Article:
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The Mormon Scare

Source: Centennial History of Audrain County by Herschel Schooley

One of the most thrilling and exciting experiences of the infant town of Mexico has come down in history as "The Mormon Scare" of the late '30's.

The Mormon Church, or properly, the Church of Jesus Christ of Latter Day Saints, was founded in 1830 by Joseph Smith, with a belief in continual divine revelation as one of the characteristics of the sect. The first decade was one of persecutions and migrations for the church. Founded in Fayette, N. Y., successively the Mormons moved west to Kirkland, O., in 1831, then into Missouri for the later '30s.

The Mormons left Missouri for Nauvoo, Ill., the City of Beauty, on the Illinois side of the Mississippi River above Keokuk, Iowa, in 1839 to remain there until Brigham Young led the migration to Utah as a haven in the wilderness, with Salt Lake City founded in 1849. It was during the several years the Mormon followers spent in Missouri, in the '30s, that the incident in early Mexico history occurred.

The late Samuel T. Hook, an early settler, and the father of T. E. Hook, prominent Mexico citizen of today, told the story as it was recorded in an early history of the county. Samuel T. Hook, a progressive farmer and stock raiser, and the son of Samuel Hook, Sr., and Mary Sims Hook, was born in Callaway County, in 1830, and moved with his family to Audrain in 1833. He was several years old when the "Mormon scare" took place, and recalled it well. Mr. Hook was married on February 18, 1868, to Miss Mary S. Snell, daughter of Granville and Emily Snell, of Monroe County, and they had two children, Thomas E. and Mary E.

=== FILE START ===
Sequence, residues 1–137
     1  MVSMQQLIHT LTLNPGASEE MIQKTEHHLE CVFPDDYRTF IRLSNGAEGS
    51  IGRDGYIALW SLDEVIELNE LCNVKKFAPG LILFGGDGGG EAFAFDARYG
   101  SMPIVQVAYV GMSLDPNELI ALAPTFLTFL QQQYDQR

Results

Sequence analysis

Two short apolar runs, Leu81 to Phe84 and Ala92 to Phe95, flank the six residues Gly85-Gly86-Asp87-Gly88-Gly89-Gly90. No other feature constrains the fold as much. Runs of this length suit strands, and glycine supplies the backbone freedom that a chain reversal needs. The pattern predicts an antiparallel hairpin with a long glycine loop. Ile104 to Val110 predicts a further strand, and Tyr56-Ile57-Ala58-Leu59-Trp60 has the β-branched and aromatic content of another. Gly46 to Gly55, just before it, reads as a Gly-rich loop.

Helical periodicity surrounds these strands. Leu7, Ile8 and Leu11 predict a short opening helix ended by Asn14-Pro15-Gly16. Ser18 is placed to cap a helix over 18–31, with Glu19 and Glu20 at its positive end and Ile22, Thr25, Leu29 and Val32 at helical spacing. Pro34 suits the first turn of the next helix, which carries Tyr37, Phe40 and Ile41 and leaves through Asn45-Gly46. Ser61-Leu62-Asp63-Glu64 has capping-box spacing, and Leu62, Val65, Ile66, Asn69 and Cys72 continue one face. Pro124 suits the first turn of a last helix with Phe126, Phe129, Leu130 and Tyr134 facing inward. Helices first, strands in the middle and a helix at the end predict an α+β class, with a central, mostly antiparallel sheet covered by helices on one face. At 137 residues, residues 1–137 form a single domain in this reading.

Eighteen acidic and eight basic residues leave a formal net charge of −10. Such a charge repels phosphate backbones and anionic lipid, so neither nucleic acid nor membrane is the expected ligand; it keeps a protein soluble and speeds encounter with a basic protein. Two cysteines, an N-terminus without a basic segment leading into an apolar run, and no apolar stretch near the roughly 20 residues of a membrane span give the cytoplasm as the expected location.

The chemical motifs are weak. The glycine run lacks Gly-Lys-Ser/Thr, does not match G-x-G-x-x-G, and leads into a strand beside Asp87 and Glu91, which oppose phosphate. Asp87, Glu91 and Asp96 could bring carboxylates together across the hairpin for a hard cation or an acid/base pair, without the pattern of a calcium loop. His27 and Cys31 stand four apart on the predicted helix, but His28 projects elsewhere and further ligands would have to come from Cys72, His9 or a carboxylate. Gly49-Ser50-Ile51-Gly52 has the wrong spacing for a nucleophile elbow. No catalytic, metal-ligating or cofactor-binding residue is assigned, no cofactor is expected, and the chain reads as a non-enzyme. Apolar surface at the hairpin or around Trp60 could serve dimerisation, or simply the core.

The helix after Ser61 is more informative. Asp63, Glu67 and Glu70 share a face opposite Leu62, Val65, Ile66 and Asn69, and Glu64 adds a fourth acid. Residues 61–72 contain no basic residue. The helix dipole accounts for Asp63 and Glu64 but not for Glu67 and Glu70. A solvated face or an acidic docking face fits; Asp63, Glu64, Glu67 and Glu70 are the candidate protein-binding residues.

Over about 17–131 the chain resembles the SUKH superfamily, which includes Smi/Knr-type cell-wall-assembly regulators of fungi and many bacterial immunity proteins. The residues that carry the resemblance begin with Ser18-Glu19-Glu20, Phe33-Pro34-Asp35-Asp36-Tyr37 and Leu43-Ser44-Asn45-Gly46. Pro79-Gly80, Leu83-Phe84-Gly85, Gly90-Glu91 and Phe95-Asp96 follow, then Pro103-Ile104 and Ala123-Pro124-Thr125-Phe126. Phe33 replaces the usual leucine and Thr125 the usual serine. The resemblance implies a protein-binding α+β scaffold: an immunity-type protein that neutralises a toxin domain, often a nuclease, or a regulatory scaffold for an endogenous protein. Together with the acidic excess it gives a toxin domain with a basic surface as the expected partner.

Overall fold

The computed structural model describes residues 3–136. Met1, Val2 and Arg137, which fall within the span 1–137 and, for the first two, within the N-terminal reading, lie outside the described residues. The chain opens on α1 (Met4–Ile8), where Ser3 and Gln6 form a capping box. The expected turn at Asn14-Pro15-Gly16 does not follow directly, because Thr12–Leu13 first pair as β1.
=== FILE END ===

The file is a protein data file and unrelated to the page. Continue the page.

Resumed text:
"On a bright, beautiful, fall day," related Mr. Hook, "There was suddenly heard in the direction of the little town of Mexico, the report of small arms--about one hundred guns--the reverberation being distinctly heard by the few citizens who resided beyond the city limits, and by others who lived still further out.

"A few moments afterward, Richmond Pearson came riding on horse-back, under full speed, bareheaded and barefooted, saying excitedly, "The Mormons are in town killing everybody'." Richmond Pearson, pioneer settler who lived so many years on what is known as the Lawder Place, east of Mexico, is the father of Ripley Warren Pearson, well known 90-year old resident of South Clark Street, this city.

"Meantime," Mr. Hook continued, "the firing could be distinctly heard in the town. Soon, James Reed and Isaac Johnson came along and were told the awful news, that 'The Mormons are killing everybody in Mexico'. They also started to town, but soon returned in hot haste, as though pursued.

"Horses were running at half speed, with all the gearing on, and frightened men, women, children, and the sound of guns added to the great confusion. Reed and Johnson confirmed the statements already made by Pearson, and added they saw the Mormons shoot Jack Willingham off his horse.